WASHINGTON: President Joe Biden and the leaders of Australia, India and Japan promised Friday to work together for a stable, open and democratic Indo-Pacific in a veiled dig at China during their first in-person summit together.
In Biden’s latest effort to cement US leadership in the face of a rising China, the so-called Quad agreed to move ahead on a joint plan to provide Covid-19 vaccines around Asia, launched a new climate initiative and said the four nations would begin holding annual summits.
Without any explicit mention of China, the leaders of the four democracies in a joint statement said they were committed to “promoting the free, open, rules-based order, rooted in international law and undaunted by coercion.”
“We stand for the rule of law, freedom of navigation and overflight, peaceful resolution of disputes, democratic values and territorial integrity of states,” they said.
“Free and open” has become code for expressing worry about swelling Chinese economic, diplomatic and military presence — including threats to vital international sea lanes.
Australian Prime Minister Scott Morrison, speaking as the talks opened, said that the four “liberal democracies” were working to build a “strong, stable and prosperous region.”
Japanese Prime Minister Yoshihide Suga said the summit showed the four nations’ “common vision of a free and open Indo-Pacific,” while Indian Prime Minister Narendra Modi — whose own track record on minority rights has been controversial at home — hailed the Quad’s “shared democratic values.”
While the leaders carefully avoided public mention of China, Suga voiced “strong concern” during the talks about Beijing’s assertiveness at sea, its trampling of Hong Kong’s special status and its mass incarceration of the Uyghur minority, Japanese foreign ministry spokesman Tomoyuki Yoshida said.
Biden, who often talks about democracies needing to prove their capability in an age of powerful autocracies in Russia and China, sought to show the Quad was about action. “We’re four major democracies with a long history of cooperation. We know how to get things done and we are up to the challenge,” he said. India said it would export eight million one-dose Johnson & Johnson vaccines by the end of next month.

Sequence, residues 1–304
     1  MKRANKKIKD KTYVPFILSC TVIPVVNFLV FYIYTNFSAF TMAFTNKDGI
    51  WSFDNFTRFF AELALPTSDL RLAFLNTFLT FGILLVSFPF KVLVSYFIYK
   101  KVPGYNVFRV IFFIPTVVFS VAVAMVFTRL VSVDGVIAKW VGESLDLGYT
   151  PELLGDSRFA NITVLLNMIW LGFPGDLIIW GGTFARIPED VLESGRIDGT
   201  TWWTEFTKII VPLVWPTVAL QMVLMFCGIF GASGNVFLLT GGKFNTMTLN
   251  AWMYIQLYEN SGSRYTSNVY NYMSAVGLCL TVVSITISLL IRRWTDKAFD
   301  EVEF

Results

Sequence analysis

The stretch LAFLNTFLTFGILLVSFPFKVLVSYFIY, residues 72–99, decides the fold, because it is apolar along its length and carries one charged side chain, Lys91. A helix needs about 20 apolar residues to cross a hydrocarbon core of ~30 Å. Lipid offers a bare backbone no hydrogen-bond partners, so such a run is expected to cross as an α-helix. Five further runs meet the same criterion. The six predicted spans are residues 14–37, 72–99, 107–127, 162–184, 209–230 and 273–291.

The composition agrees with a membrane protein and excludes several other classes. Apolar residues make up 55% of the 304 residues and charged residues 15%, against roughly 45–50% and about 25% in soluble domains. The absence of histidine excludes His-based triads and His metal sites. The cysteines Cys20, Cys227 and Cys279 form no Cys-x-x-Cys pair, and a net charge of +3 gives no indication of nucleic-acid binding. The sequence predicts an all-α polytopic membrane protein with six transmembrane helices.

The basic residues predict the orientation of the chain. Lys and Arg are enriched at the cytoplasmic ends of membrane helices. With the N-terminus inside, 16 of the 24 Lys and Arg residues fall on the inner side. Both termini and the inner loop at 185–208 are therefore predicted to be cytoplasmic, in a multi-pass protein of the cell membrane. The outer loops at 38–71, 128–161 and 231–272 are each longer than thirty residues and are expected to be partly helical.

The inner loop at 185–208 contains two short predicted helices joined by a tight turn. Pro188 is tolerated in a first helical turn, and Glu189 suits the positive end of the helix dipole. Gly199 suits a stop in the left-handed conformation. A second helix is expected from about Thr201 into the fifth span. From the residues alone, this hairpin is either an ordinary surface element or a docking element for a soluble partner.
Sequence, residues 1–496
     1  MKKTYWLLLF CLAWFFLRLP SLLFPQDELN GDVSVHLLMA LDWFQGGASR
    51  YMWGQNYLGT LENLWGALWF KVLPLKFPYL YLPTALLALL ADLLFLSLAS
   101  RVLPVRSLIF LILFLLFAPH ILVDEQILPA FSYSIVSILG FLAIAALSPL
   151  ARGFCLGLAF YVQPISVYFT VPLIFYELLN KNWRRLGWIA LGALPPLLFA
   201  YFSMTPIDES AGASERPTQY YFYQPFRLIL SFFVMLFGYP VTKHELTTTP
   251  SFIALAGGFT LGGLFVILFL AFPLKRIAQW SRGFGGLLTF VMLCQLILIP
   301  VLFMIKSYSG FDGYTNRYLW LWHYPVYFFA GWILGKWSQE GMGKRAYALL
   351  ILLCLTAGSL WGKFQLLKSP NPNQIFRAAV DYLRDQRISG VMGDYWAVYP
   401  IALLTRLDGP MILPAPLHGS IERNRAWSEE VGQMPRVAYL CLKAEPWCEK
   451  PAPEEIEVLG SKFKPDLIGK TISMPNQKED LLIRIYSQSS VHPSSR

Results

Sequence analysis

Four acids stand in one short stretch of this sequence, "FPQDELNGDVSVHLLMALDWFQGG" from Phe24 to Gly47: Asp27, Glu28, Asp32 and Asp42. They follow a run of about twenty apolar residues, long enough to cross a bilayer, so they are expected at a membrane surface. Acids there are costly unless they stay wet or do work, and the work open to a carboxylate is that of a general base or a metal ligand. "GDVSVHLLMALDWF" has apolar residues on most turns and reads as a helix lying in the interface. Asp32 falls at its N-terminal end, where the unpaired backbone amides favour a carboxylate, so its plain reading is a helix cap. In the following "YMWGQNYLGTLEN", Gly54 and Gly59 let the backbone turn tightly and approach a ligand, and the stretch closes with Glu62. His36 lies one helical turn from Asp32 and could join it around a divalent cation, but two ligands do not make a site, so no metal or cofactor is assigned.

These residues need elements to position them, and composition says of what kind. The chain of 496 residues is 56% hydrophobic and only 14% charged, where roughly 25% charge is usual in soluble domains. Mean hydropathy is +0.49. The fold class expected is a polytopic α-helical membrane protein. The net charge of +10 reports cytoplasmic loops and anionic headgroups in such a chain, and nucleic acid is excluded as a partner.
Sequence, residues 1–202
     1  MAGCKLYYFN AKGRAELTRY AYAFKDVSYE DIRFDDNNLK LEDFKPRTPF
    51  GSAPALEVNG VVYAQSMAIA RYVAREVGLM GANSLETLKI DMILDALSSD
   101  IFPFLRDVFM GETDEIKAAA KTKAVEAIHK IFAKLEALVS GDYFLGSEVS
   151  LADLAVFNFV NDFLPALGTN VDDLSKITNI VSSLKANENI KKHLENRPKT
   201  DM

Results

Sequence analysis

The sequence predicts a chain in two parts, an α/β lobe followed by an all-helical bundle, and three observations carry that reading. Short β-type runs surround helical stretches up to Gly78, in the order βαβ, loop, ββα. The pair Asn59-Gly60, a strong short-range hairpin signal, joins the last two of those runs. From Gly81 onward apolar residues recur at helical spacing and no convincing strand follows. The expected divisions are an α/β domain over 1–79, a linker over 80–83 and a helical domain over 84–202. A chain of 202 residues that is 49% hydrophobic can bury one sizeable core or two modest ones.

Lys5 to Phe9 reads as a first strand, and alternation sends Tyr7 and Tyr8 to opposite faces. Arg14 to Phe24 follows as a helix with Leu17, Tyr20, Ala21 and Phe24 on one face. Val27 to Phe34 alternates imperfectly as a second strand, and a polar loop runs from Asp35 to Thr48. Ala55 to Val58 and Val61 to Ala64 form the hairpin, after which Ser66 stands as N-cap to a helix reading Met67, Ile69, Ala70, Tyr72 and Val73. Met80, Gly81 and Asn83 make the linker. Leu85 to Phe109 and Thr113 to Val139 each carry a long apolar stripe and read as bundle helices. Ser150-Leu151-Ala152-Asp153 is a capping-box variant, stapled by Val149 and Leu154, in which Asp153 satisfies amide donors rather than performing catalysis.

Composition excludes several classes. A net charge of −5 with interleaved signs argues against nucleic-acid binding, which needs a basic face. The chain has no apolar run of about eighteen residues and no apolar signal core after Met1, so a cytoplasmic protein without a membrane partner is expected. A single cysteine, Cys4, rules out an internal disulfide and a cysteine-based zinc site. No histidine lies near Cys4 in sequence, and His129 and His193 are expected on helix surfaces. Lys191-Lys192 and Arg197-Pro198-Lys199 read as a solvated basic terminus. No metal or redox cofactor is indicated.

“This is an immediate delivery from the Quad into the Indo-Pacific region,” Indian Foreign Secretary Harsh Vardhan Shringla told reporters, vowing to supply “quality and affordable” vaccines. While modest in number — Biden promised earlier this week that the US would donate an extra 500 million doses to the world — it represents the return of India’s giant pharmaceutical industry after New Delhi stopped exports to handle the country’s own severe Covid outbreak. During virtual talks in March, the Quad leaders said they would supply more than one billion vaccines by the end of 2022, with India providing production, Japan and the United States financing and Australia the logistics.
On another key priority for Biden, the Quad leaders said the four nations would all make “ambitious” announcements at the upcoming Glasgow climate summit with an aim of bringing the warming planet to net zero emissions by 2050.
India has so far only committed to reducing its carbon intensity, not necessarily its emissions, arguing that sweeping cuts are unrealistic for an emerging economy that is not historically responsible for most of the world’s warming.
In one key area of work, the Quad leaders said they would set up a task force to work to slash emissions by 2030 in shipping, coordinating among the key ports of Los Angeles, Mumbai, Sydney and Yokohama. India has been the most cautious about perceptions it is ganging up on China despite mounting tensions following deadly border skirmishes last year.
US officials stressed that they did not see the Quad as a military alliance even as they sought to broaden cooperation.
The United States just last week announced another alliance — AUKUS — with Australia and Britain that will include sharing of sensitive nuclear technology.
Under AUKUS, Australia will acquire nuclear-powered submarines. Although delivery is years away, the announcement sent waves around the world, angering China and separately causing a furious row with France which saw its previously negotiated contract for selling Australia conventional submarines thrown out.